Bright and bold without being over extracted, this Pinot Noir is great on it’s own or with food.  Tons of bright cherry and cranberry, with a hint of raspberry, and strawberry on the back end, the spice box nutmeg and tannins also fill out the back of the palate.  There is a touch fo brown sugar with tons of spice as well.  This is my kind of Pinot Noir!  The grapes are sourced from the cool coastal vineyards, and they show the high acidity of the Sonoma Coast fruit.  That balances out nicely with huge black Cherry flavors, followed by floral notes of rose petals.  An hour after opening, it is really developing nicely in the glass and the earthy mushroom characteristics come otu to play.  This is clearly a Sonoma Pinot Noir, with rich cherry and dark red fruit, as well as plum flavors; it’s rich but not overblown, and I really like it!

At $48, it’s not exactly budget, but it’s a lovely wine and if you should see it on the market, you should BUY it.

Happy Tasting!

 

These wines were brought to be on a bus by Malm Communications.  I think we need to get Mia a trolley!

All day, all night it's…

Mary Ann, Marsanne!  Down by the seaside with a drink in her hand…all the little wine bloggers love Mary Ann!

Here in the Bay Area, we’re experiencing an odd sort of Summer in Winter.  The Giants won the series, and it was 76 in San Francisco on November 2nd.  This summer weather has be drinking more white wines again, so I thought it would be a great time to finsih this post from earlier this year.

Marsanne is one of my favorite white wines these days.  While I do occasionally like a Chardonnay, it has be a particular style, so I tend to lean towards alternative white wines, or more steely, less oaked Chardonnay (think some delicious Pouilly-Fuissé).  Marsanne is one of the 22 Rhône grapes, and is most often blended with another beauty – Rousanne.  It’s increasing popularity in the U.S. makes me smile!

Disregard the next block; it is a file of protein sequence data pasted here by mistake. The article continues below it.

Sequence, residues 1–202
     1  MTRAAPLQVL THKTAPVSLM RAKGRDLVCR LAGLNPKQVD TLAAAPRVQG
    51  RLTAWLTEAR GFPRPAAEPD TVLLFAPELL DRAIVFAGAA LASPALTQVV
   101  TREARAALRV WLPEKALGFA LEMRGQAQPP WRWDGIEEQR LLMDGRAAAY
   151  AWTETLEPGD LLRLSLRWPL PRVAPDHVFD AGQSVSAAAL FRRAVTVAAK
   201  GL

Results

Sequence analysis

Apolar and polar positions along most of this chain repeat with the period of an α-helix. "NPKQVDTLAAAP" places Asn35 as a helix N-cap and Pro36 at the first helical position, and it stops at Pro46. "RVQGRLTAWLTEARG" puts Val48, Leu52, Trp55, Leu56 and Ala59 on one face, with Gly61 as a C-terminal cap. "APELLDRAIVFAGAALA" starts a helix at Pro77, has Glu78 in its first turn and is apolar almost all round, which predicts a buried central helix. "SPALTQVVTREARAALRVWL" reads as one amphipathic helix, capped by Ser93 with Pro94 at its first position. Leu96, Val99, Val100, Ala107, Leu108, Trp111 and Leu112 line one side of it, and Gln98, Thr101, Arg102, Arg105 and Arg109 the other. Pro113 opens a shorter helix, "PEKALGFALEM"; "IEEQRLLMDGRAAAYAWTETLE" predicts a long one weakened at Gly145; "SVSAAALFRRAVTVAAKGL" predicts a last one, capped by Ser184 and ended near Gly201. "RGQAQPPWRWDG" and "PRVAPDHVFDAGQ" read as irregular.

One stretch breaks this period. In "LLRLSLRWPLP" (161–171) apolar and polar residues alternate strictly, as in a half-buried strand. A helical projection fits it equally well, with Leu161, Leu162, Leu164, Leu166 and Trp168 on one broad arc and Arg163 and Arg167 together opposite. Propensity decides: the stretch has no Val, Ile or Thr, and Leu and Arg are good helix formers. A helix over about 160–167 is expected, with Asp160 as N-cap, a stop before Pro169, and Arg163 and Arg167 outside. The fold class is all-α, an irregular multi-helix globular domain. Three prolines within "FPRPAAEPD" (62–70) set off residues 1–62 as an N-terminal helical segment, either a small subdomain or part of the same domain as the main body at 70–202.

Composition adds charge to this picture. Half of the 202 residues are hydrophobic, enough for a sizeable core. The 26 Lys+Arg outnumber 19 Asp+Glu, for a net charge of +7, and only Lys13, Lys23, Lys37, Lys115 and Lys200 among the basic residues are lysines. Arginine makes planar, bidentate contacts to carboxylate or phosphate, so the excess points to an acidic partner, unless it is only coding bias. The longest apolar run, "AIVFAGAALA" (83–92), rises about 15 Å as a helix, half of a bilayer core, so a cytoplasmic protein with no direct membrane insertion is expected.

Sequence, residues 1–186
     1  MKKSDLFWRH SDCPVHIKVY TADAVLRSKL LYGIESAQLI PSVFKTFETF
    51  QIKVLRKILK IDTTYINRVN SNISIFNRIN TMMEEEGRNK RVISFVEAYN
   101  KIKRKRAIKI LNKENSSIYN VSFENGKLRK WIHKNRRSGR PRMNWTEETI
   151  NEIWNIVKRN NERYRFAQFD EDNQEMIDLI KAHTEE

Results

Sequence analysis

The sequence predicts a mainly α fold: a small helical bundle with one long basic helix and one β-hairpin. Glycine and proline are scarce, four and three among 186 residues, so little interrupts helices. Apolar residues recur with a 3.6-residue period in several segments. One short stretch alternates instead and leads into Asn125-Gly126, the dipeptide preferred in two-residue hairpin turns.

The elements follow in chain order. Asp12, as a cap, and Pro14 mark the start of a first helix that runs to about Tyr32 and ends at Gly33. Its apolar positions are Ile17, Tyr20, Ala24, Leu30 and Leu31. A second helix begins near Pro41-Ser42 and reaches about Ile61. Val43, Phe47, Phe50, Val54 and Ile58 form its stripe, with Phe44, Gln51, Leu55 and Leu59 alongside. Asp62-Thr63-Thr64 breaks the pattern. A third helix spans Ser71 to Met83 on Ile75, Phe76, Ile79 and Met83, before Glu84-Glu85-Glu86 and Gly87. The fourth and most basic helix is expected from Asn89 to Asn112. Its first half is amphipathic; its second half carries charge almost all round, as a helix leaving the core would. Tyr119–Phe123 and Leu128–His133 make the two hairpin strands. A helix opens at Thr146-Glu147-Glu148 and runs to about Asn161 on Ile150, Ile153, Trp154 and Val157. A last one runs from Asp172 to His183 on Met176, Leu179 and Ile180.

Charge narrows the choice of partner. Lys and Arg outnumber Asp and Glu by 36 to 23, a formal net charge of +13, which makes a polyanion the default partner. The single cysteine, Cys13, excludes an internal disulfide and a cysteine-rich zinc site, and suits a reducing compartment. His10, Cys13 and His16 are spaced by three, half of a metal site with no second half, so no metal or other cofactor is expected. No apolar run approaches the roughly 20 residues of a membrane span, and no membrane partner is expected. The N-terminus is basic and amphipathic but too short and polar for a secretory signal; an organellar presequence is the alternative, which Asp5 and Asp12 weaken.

This great example comes from one of my favorite small wineries in northern Calfiornia, Olson Ogden, who make limited production wines that really suit my style.  I am a particular fan of the syrah, though I am almost through the case I had squirreled away last year.

This Marsanne tasted of marzipan, lemon, grapefruit and orange pith – you know, that slight bitterness from the white part (though not in a bad way).  I also found loads of pear, and creamy stone fruit complimented with a nicely balanced acidity and a touch of honeysuckle on the nose.  The 17 months in stainless steel and 28% new French oak give it a nice touch of oak without overpowering it.  It’s creamy and rich but not an oak monster.

It’s a bit pricy for an everyday white at $35, but this is a MUST BUY if you like whites and wantt o venture out of the Chard / Sav Blanc superhighway.  But don’t just take MY word for it!  My friends at NectarWine, WinePost and NorCal wine also enjoyed this wine immensely.  Give it a try, and for those winter lovers, this wine goes amazingly well with all things butternut as well as a nicely herb rubbed roasted chicken.

Happy drinking!

THis wine was graciously provided by Olson Ogden.  Probably because I keep gusying about thier syrah.  BUt who cares!  IT’s good!